Misconduct and Consequences

Larry, W2LJ, recently wrote about a topic that all of us can identify with, the LID in a DX station pileup who ignores protocol and has no sense of manners.  They ignore DX requests for specific stations to respond and just blast the frequency, often with high power, until they get their contact.  The problem has existed for decades and is nothing new.  It’s one reason why I get turned off by DXing (despite dreaming of going on a high profile DXpedition someday), and it’s especially frustrating for a QRPer where timing and skill are much more important due to the power disadvantage.  Conversely, RF power often makes up for a lack of skill or manners, and the DX pileup LID makes a nuisance of himself to the point where the DX station can’t ignore him, and rewards him with a QSO.

The problem has been going on too long.  The reason it continues to exist is much like why we have email spam after nearly 20 years of the “mainstream” Internet.  There’s no cost associated it, and the bad behavior is rewarded.  The DX Code of Conduct is a great model for people to follow, but unfortunately it’s only the honest and polite people who follow it.  There must be consequences for bad behavior.

First off, DX stations need to stop rewarding these LIDs with contacts.  They need to call them out and let them know they’re not getting a contact during the DXpedition.  Perhaps we could create a specific Q signal that says “you’re blacklisted” to keep it short and sweet and avoid long on the air explanations.  Or they can work the station and not QSL the contact and let the station know through some means they got a non-QSL for their bad behavior.

Second, DX organizations and organizations like ARRL, CQ,  and perhaps RSGB need to maintain a “three strikes” policy.  If they receive evidence, such as recordings, of bad on the air behavior three times within a given period, the offender has awards stripped and they’re identified on a blacklist that can be accessed by high profile DXpeditions.  The minutia of appeals and reinstatement and the level of public notification can be debated, but I think the basic idea is sound and something that needs to be done.

This all may sound harsh, but in order to change bad behavior there needs to be consequences. All too often in amateur radio we don’t call out bad behavior and it affects the enjoyment of the hobby for the rest of us.  It’s time for the organizations who have the power to enforce consequences, to take action, rather than continue to provide rewards.

Anthony, K3NG, is a regular contributor to AmateurRadio.com.

7 Responses to “Misconduct and Consequences”

  • Andrew, W8FI:

    I think putting the ownus on organizations to help police LIDs is too much to ask. There was a suggestion on a blog that the DX station should give them the QSO but not log it. This would simply get them off the air, and have no credit given.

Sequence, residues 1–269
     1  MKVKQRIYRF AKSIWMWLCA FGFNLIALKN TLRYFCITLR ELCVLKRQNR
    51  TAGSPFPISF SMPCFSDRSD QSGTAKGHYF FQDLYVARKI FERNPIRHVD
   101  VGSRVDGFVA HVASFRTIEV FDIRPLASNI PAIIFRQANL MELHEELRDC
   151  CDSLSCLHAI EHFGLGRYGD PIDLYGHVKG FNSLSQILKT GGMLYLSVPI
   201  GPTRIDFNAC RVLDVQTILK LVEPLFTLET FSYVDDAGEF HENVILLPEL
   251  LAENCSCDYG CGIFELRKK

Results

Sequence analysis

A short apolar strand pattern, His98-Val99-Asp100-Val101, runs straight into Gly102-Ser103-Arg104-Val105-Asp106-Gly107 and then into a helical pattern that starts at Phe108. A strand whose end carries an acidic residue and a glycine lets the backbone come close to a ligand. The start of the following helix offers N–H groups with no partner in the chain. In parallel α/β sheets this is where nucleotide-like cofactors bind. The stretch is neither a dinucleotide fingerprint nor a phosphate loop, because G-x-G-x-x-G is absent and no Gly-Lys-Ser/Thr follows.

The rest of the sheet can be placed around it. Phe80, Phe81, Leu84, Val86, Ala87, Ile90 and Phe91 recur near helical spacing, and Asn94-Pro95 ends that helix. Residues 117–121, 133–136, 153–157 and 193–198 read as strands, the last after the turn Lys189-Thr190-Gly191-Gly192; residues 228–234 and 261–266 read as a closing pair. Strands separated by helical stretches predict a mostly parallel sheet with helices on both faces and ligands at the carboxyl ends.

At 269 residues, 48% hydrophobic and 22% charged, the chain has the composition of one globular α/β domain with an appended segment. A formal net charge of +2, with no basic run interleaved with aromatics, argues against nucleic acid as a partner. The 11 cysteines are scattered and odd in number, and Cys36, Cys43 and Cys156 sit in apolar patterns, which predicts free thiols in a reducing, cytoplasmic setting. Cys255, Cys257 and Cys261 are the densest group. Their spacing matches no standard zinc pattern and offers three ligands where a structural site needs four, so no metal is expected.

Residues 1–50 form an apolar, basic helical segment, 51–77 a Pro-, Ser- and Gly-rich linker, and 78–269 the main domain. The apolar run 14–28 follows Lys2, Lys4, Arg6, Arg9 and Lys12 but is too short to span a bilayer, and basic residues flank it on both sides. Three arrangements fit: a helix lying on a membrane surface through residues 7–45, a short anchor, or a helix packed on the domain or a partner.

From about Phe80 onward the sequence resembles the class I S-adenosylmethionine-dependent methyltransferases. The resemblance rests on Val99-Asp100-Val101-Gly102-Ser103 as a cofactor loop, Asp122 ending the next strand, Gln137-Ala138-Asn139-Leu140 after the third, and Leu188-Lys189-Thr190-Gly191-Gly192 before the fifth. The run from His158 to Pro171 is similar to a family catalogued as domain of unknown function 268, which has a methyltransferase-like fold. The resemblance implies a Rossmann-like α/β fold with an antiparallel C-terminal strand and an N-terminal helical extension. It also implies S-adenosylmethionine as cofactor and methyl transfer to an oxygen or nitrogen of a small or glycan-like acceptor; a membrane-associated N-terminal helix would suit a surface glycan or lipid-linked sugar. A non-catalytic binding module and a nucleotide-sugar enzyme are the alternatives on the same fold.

• Tomas NW7US:

    W8FI makes a good point. This problem has existed since the very first days of DX contesting, if not before (I read notes to QST back in the early 1900s, complaining of this issue).

    Organizations don’t have the manpower to wade through all of the possible complaints, I’m sure they will say. And, how do you police those lids that are just on there being rude and causing interference (the DX/pile-up police that never identify themselves)?

    It is a complex problem, and any step forward is a good step.

  • KK4ITN:


  • WD6GRI:

    lids? well a qrp radio dx ing it is a blast as yrs ago i had tuned down and wk it on ten mtrs yes its annoying too get pumbled by 500+ watts a geam up in the sky but hey this guy will tell ya he didnt copy u as at times the whole world keys up for the qso-qsl ect to get hat de a far place is the front row ?? agreed. ham as this loved fun at it gets competive as thats why all most every one owns a tv too a cell phone as the not knowing operators of these devices dont have police they change the channel ?? always bigger fish out there they have channels we operate with vfo-s too find the x-tal xmitter cq dx from that small island or country the competion stands …. ..

  • k8gu:

    A few perhaps contrarian thoughts:

    1. Speaking from the other side of a pileup, it’s often easier to work a nuisance operator and hope they stay out of the way. Doesn’t make it right and encourages bad behavior, but it’s a fact of life.

    2. Something I never fully understood until I’d run a couple of pileups myself was the mechanics of how weaker stations can be distinctive enough to punch through even large pileups of louder callers. If you know/suspect that you are getting obliterated by an out-of-turn caller, reach into your bag of tricks. Old age and treachery must not trump youth and skill!

    3. As KB3PHL said in the comments under W2LJ’s original post, this behavior is symptomatic of a pervasive (and perhaps spreading) type-A societal malaise.

    4. Not working someone because (you think) they are a LID is rarely a good idea. I think putting an asterisk next to calls in the DXCC Yearbook, on the leaderboards, and in the DX club newsletters would be a good start.


    I dont think any ham is perfect . If you let a certain ham bother you so much , then he owns you . So play it cool and realize it has been going on for years . Chuck , N4UED

  • jeff n1kdo:

    I think the DX should work the miscreant, but not log them. After the expedition ends, they can name those that did not follow the rules: public shaming.

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